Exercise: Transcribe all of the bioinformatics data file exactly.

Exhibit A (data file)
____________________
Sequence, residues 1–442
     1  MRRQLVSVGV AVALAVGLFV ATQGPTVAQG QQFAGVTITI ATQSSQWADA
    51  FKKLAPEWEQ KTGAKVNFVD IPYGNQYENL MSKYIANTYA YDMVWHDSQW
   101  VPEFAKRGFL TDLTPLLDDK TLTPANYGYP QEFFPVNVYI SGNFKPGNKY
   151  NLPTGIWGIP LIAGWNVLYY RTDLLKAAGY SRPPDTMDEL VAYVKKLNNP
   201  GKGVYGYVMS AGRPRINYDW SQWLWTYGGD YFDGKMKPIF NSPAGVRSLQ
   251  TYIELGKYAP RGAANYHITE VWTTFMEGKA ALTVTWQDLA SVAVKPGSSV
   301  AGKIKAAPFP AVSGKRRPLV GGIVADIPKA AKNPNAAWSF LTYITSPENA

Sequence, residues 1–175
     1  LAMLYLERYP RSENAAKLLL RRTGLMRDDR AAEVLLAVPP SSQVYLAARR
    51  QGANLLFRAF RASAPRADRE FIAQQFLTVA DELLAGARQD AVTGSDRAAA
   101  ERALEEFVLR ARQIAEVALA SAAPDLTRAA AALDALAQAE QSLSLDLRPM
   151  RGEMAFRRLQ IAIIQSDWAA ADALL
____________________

Sequence, residues 1–442
     1  MRRQLVSVGV AVALAVGLFV ATQGPTVAQG QQFAGVTITI ATQSSQWADA
    51  FKKLAPEWEQ KTGAKVNFVD IPYGNQYENL MSKYIANTYA YDMVWHDSQW
   101  VPEFAKRGFL TDLTPLLDDK TLTPANYGYP QEFFPVNVYI SGNFKPGNKY
   151  NLPTGIWGIP LIAGWNVLYY RTDLLKAAGY SRPPDTMDEL VAYVKKLNNP
   201  GKGVYGYVMS AGRPRINYDW SQWLWTYGGD YFDGKMKPIF NSPAGVRSLQ
   251  TYIELGKYAP RGAANYHITE VWTTFMEGKA ALTVTWQDLA SVAVKPGSSV
   301  AGKIKAAPFP AVSGKRRPLV GGIVADIPKA AKNPNAAWSF LTYITSPENA

Sequence, residues 1–175
     1  LAMLYLERYP RSENAAKLLL RRTGLMRDDR AAEVLLAVPP SSQVYLAARR
    51  QGANLLFRAF RASAPRADRE FIAQQFLTVA DELLAGARQD AVTGSDRAAA
   101  ERALEEFVLR ARQIAEVALA SAAPDLTRAA AALDALAQAE QSLSLDLRPM
   151  RGEMAFRRLQ IAIIQSDWAA ADALL